One treatment is cognitive behavioral therapy (CBT), a type of therapy in which people challenge unhelpful thought patterns to bring about changes in behavior or mood. In tinnitus, CBT can help people think more positively about the condition and develop strategies for coping with it.

Tinnitus is often most noticeable in total silence, such as when people are trying to fall asleep, so sound therapy can help people cope. Sound therapy involves listening to noise or ambient sounds that mask the tinnitus. In much the same way a ticking watch can be heard in a silent room but not in a crowded stadium, playing sounds can sometimes drown out the bothersome phantom noises.

Which tinnitus treatments don't work?

Not all tinnitus remedies you find online are legitimate, Lee cautioned.

"I live my day-to-day on TikTok, and the amount of things I see on there is insane," she remarked. Over-the-counter ear drops marketed for tinnitus are one such bogus remedy with no scientific backing.

"A lot of tinnitus seems to be in the brain, and when you put an ear drop in your ear, that liquid can only go as far as your eardrum," she explained. "It's not getting all the way up to the brain system, and so those ear drops really aren't doing any significant change."

People have also tried repeatedly tapping the mastoid bone, the large bone just behind the ear. This may temporarily mask the phantom sounds, but the relief it brings fades once the tapping ceases, Lee said.

"A lot of people will have independent reports saying all of these things can work, and the reason why [they say that] is because tinnitus is so subjective," she said. There are myriad reasons people might report relief while using these techniques: The placebo effect might convince people that they've recovered, they could be undergoing CBT or sound therapy at the same time, or their tinnitus could naturally lapse, she said.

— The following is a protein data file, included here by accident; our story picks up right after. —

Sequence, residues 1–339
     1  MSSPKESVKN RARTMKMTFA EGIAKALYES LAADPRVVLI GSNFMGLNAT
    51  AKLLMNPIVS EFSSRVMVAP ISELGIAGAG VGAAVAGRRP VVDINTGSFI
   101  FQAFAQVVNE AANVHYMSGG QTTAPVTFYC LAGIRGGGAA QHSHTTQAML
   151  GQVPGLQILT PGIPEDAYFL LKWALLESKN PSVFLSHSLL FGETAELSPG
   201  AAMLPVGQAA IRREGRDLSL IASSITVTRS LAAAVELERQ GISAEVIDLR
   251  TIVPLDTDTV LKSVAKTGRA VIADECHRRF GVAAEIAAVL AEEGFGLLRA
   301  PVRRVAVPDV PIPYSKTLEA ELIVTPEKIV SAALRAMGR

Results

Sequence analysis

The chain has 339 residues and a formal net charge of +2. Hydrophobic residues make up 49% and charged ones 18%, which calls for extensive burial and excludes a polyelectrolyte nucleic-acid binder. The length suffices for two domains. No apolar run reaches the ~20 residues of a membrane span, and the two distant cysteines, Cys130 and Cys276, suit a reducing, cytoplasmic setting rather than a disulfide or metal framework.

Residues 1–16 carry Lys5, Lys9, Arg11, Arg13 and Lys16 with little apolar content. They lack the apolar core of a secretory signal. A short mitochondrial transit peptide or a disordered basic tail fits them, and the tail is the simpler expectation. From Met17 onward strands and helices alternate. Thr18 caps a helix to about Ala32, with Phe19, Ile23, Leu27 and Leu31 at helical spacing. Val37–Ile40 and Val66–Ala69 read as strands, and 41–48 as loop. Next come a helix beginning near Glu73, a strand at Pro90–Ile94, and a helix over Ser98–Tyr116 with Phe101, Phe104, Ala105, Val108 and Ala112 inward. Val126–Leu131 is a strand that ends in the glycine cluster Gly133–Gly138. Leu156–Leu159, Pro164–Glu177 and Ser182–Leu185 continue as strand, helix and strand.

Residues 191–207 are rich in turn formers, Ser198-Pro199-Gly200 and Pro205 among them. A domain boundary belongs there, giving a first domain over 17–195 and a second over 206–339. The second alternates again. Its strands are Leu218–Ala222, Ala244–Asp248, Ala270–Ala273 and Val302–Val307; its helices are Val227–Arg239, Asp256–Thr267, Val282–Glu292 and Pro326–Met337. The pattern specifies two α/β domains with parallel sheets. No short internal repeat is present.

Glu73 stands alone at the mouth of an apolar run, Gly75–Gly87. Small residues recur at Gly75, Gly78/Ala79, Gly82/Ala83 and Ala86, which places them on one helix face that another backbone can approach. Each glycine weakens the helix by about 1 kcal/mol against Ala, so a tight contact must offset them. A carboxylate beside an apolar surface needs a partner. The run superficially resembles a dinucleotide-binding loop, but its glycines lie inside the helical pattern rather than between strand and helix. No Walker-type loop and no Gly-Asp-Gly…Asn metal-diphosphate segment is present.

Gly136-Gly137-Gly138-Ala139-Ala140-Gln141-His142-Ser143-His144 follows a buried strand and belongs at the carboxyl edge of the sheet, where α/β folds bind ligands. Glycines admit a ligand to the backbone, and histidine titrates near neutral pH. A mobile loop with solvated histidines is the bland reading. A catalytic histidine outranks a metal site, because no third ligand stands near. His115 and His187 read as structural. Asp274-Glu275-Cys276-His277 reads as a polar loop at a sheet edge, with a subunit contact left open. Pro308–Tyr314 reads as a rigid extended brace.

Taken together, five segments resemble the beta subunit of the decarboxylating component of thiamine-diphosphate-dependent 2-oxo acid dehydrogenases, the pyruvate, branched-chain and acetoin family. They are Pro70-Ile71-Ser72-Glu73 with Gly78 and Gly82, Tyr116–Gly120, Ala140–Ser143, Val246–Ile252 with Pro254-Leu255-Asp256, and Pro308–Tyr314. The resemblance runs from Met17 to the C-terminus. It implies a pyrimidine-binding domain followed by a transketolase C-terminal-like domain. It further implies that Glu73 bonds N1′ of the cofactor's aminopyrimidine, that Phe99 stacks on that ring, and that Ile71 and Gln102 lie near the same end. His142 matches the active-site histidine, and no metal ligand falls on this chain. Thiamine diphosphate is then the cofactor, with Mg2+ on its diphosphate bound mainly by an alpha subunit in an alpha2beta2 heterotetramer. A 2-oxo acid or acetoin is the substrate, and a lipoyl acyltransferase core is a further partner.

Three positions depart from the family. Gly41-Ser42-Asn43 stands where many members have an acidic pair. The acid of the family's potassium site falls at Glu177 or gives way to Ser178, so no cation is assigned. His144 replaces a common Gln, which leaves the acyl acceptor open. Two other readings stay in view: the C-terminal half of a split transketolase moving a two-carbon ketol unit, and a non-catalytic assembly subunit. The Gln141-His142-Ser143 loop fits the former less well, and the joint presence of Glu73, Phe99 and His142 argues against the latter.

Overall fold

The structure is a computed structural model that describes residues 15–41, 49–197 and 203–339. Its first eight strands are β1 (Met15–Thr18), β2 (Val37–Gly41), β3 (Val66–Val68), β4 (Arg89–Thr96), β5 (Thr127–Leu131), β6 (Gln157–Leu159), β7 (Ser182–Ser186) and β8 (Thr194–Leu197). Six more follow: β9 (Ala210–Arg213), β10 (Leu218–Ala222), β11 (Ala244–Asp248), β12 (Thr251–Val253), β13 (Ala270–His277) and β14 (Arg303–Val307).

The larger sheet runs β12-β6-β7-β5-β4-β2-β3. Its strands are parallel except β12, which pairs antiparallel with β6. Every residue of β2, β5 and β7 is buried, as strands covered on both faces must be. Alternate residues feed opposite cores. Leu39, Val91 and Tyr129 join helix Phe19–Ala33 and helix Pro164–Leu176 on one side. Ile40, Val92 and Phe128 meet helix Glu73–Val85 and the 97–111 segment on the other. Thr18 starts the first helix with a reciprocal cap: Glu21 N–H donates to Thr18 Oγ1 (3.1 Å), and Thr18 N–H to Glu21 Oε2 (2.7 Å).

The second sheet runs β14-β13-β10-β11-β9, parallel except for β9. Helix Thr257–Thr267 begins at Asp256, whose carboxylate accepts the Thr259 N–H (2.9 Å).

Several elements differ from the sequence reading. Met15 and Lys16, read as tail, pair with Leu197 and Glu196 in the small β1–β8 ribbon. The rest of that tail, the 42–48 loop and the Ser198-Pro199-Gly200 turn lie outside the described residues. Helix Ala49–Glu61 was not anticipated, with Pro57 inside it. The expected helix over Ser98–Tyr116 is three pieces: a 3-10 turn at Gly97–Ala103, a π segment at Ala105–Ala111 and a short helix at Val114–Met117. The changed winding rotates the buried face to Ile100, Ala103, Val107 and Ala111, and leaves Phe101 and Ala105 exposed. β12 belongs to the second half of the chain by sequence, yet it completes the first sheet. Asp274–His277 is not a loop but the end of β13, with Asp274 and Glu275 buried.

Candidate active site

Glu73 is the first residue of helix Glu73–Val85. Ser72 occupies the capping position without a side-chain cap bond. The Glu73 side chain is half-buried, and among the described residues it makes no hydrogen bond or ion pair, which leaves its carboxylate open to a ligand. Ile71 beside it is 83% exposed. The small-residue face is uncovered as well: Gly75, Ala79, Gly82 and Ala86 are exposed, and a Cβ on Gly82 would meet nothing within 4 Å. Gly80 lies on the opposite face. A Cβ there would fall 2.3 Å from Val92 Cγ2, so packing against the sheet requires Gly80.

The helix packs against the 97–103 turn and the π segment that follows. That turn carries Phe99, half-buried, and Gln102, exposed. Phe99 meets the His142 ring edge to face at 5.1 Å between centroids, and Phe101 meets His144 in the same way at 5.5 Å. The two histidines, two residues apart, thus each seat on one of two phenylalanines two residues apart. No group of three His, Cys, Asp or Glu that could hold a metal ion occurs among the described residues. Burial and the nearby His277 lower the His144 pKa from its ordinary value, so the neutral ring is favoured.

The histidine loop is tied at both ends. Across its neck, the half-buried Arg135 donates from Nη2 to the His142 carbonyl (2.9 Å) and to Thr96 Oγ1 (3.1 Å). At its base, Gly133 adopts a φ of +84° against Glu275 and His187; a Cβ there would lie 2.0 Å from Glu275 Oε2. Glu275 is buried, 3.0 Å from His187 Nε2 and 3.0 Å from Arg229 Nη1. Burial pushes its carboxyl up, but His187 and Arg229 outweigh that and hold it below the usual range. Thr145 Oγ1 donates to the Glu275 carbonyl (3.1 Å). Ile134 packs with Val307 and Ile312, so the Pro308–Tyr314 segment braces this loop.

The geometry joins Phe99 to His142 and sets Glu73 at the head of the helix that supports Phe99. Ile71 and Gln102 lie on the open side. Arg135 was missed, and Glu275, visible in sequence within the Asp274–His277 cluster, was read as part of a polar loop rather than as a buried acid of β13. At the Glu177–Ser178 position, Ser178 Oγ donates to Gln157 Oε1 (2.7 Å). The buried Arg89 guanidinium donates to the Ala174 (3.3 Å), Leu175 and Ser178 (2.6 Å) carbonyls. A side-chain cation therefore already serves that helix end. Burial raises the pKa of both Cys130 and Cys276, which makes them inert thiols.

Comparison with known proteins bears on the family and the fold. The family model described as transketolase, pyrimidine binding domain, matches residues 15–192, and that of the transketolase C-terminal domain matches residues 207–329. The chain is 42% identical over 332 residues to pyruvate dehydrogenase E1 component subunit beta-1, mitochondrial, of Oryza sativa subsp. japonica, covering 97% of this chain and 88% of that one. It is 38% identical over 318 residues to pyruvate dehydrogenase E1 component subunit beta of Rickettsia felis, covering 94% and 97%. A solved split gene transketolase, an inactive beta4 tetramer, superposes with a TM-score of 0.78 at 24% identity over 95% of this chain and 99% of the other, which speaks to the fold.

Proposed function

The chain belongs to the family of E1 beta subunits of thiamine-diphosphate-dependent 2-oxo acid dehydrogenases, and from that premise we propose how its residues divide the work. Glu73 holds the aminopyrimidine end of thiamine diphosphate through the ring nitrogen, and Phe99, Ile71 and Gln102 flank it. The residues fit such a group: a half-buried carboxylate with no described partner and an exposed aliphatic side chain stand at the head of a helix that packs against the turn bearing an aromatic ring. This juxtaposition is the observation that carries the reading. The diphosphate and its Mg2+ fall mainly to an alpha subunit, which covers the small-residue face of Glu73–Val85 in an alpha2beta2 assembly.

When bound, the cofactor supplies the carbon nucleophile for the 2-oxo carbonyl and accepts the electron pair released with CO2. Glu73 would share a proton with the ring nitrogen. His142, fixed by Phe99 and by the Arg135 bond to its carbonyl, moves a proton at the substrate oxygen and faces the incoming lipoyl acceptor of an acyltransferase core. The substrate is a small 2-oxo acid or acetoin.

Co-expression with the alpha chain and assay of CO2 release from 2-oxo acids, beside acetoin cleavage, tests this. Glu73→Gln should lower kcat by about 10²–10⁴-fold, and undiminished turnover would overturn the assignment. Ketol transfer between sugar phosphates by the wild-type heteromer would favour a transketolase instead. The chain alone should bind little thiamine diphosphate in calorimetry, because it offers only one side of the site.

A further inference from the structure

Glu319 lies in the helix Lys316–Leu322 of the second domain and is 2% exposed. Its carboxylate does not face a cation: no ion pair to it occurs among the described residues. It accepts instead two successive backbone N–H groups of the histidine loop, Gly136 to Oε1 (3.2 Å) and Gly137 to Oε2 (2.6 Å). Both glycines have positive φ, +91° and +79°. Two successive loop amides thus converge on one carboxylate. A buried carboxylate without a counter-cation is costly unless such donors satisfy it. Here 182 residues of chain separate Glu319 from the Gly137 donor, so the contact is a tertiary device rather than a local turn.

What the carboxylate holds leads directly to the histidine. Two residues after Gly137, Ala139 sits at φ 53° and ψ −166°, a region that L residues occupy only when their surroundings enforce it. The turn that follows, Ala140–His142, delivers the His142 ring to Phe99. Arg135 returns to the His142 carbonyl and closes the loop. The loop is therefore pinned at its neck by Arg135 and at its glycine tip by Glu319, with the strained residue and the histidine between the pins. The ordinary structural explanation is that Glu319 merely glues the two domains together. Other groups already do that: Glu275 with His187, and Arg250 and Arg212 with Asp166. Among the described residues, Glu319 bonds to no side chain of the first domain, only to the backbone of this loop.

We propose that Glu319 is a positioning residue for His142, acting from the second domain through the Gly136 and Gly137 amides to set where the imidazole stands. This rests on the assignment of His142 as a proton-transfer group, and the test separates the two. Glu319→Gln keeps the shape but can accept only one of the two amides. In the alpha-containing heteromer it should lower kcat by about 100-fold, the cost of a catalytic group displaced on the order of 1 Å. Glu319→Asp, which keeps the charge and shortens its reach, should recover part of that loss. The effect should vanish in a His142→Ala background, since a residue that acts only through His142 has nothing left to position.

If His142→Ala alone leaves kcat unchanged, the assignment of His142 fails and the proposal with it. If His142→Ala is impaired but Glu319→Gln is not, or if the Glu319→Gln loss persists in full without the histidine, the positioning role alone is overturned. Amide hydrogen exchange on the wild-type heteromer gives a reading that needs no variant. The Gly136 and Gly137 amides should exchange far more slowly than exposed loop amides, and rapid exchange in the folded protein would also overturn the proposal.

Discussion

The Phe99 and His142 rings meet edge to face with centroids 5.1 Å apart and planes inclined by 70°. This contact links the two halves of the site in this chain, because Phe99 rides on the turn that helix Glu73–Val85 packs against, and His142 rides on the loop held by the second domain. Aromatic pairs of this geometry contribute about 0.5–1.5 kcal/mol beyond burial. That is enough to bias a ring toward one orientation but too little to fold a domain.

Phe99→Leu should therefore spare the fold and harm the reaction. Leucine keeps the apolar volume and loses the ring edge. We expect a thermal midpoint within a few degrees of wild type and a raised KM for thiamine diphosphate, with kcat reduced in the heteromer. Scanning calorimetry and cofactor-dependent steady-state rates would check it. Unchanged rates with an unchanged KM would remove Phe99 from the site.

Lee hopes formal clinical trials will identify more effective therapies for the condition. "The world of tinnitus is wide open for innovation," she said. "I think there's tons more that could come out to help people with tinnitus; it's just the research needs to get there."

Editor's note: This story was updated at 9:20 a.m. on Feb. 29 to correct the description of HearUSA. It was first published at 5:00 a.m. the same day. 

This article is for informational purposes only and is not meant to offer medical advice.

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Kamal Nahas
Live Science Contributor

Kamal Nahas is a freelance contributor based in Oxford, U.K. His work has appeared in New Scientist, Science and The Scientist, among other outlets, and he mainly covers research on evolution, health and technology. He holds a PhD in pathology from the University of Cambridge and a master's degree in immunology from the University of Oxford. He currently works as a microscopist at the Diamond Light Source, the U.K.'s synchrotron. When he's not writing, you can find him hunting for fossils on the Jurassic Coast.

  • Thomas Thompson
    I have constant, impossibly high-pitched ringing in my ears 24-7, and have had for decades. I'm used to it and can ignore it most of the time. I wish there was a cure.
  • Bob Abooey
    After an ACDC show in the 80s my phone has been ringing off the hook